If the true nature of our reality is emptiness, then what difference does it make if we activate our senses through physical phenomena or virtual input?
I recently wrote about the relationship we have with ourselves, asking, *what* is having that relationship to self? If everything is empty, then what is this that we are experiencing? Somehow all this emptiness appears to be in relationship with itself in an infinite multitude of ways. Our entire reality consists of relationships.
The table is also the tree that it came from. It is the rain that helped grow that tree from seedling to oak. It is the cloud that released the water for that rain. It is the logger who cut the tree down. It is everything that happened to the wood as it went from tree to table in your living room. All of these aspects are in the experience of the table. As I sit at this table, all of these aspects form the web of relationships that exist in my experience of the present moment.
How does virtual reality affect this chain of relationships? Does it simply replace them with a different chain of digital relationships? Is there something lost when we remove ourselves from nature? Is a perfectly emulated virtual experience of a forrest the same as the real thing? Somehow I feel that that deeper connection, of all the relationships that went into the tree might be missing – the earth, the roots, the wind, the rain, the clouds, the sunlight. The elements that don’t just exist in that virtual moment but have worked in concert over time to have a relationship with me in this moment. Can that chain of relationships ever be emulated to give the same feeling in one’s heart?
When it comes to VR, I am mostly left with unanswerable questions. Can virtual reality help us more accurately perceive reality by training our senses in unique ways? If I’m interacting in a virtual environment, how will my non-tangible senses like intuition be affected? How will my relationship with real people be affected when I can step in to any virtual world and have ultra realistic fantasy experiences? Is this a form of escapism, or simply the next step for humanity?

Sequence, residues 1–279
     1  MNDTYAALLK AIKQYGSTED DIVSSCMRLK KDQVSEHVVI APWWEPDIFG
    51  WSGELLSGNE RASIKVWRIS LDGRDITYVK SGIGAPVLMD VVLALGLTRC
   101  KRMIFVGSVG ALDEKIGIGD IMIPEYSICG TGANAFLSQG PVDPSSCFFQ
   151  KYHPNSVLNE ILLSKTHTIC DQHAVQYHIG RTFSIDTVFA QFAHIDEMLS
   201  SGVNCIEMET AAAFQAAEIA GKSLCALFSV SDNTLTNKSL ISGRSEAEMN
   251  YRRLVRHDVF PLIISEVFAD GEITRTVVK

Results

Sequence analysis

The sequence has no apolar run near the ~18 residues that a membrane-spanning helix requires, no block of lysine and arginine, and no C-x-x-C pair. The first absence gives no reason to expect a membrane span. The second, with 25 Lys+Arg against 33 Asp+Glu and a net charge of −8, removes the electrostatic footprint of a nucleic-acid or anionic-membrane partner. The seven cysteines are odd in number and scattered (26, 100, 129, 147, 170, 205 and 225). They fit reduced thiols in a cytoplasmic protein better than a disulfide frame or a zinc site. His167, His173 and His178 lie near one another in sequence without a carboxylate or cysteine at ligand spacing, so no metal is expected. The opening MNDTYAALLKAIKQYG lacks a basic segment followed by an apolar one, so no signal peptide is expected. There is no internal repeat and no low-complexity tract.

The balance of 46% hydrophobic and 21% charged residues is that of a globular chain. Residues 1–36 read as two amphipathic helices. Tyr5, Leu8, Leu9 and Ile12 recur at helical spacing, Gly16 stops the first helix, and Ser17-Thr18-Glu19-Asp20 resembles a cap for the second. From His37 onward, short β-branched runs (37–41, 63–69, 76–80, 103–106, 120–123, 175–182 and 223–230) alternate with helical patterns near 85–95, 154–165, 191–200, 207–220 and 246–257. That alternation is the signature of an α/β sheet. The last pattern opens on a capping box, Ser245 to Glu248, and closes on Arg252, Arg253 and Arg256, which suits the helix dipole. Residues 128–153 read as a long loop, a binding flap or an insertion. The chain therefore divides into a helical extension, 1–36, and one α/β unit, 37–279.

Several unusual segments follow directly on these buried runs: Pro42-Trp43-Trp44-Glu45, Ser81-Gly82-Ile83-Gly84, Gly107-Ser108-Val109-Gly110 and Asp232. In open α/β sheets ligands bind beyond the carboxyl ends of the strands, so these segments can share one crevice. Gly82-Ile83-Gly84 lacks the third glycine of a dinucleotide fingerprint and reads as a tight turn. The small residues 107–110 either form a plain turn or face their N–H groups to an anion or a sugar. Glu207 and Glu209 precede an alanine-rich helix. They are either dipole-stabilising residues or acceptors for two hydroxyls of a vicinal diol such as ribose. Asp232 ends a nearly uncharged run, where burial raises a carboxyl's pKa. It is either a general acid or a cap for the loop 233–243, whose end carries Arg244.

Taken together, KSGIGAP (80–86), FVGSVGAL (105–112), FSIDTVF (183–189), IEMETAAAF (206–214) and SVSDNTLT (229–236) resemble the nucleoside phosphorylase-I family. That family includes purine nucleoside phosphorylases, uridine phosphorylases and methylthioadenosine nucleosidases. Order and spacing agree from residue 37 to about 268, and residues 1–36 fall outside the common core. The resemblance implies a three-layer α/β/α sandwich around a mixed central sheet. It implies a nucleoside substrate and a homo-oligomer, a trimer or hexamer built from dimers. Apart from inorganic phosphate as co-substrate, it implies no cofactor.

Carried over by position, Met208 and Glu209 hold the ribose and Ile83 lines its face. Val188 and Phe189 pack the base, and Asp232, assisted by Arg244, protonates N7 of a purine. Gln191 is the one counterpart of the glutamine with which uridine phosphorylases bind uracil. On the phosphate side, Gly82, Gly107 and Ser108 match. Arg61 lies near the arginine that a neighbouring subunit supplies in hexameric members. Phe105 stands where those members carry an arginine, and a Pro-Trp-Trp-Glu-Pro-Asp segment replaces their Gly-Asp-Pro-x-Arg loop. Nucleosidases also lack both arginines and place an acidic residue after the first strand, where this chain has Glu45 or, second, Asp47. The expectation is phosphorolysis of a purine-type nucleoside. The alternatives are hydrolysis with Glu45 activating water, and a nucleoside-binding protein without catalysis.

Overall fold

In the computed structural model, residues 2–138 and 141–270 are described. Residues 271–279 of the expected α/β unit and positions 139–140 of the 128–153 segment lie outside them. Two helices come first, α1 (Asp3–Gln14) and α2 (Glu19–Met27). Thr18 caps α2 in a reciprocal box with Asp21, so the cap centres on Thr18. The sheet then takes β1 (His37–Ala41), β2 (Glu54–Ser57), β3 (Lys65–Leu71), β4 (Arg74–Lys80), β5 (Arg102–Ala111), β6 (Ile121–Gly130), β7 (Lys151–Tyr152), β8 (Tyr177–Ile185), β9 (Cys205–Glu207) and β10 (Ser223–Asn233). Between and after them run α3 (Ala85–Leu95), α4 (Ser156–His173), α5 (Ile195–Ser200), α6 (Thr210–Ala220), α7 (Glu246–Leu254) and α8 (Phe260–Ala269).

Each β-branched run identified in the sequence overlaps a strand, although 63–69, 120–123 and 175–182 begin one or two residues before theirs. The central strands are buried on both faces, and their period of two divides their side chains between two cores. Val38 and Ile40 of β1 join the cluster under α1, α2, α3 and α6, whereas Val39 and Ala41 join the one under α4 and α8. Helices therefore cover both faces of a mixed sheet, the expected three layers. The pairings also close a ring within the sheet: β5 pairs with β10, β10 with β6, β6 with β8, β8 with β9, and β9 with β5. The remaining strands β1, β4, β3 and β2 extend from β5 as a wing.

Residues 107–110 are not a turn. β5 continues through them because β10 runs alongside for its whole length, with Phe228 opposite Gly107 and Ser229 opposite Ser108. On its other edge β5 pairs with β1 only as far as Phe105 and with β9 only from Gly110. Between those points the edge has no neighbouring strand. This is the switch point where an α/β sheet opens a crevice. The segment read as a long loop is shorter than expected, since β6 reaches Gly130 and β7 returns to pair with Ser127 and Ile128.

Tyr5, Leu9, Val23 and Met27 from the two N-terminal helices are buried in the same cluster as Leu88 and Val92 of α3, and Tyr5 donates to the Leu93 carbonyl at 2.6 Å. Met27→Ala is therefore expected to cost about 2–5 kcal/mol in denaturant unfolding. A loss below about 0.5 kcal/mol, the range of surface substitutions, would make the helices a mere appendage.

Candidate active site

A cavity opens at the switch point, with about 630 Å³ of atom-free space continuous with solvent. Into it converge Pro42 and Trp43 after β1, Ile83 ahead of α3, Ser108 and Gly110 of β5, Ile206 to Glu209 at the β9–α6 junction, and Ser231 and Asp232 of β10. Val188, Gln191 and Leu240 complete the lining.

I am often confounded by what I see as the inevitable evolution of the human species – the integration of carbon and silicon. We are already seeing the proliferation of prosthetic limbs that deliver functionality superior to natural limbs; human computer interfaces that plug directly into the brain; and deeply immersive virtual reality experiences that are only at the very beginning of their development.
It doesn’t take a lot of imagination to see that technology is only becoming smaller and humans are only becoming more and more dependent on it. Eventually, we’ll surgically implant a “mobile phone” chip into a person that will interface with the visual cortex and allow you to surf the internet with your mind.
This doesn’t even seem that far fetched anymore and I wouldn’t be surprised if we saw something like this within the next 50 years. In the 1950s a room full of computers had less processing power than an iPhone. I have no doubt that when such technology becomes available there will be many people happy to integrate themselves for the sake of convenience.
As we develop highly advanced VR, how will that affect our relationship with what we perceive as physical reality? Is there a difference between virtual and physical when you have an interface that connects directly with the brain’s signal processing system?
I’m not sure I have a clear answer other than an intuitive aversion to the prospect of that level of technological integration. I feel that VR brings a tremendous risk of further disconnecting people from each other. Rather than connecting with real people, a person can immerse themselves in a world of fantasy relationships.
At the same time I can see that sophisticated VR can have far reaching implications and potential benefits for many aspects of our lives. It can connect people in realistic ways that would never have a chance to meet otherwise. It can completely revolutionize education and almost any kind of technical training. It can provide people with safe environments to learn and grow.
As with most technological progress, it can really go both ways. The ultimate decider is likely the level of consciousness on the part of the user. One thing is certain though, the age of virtual reality has arrived and it is here to stay.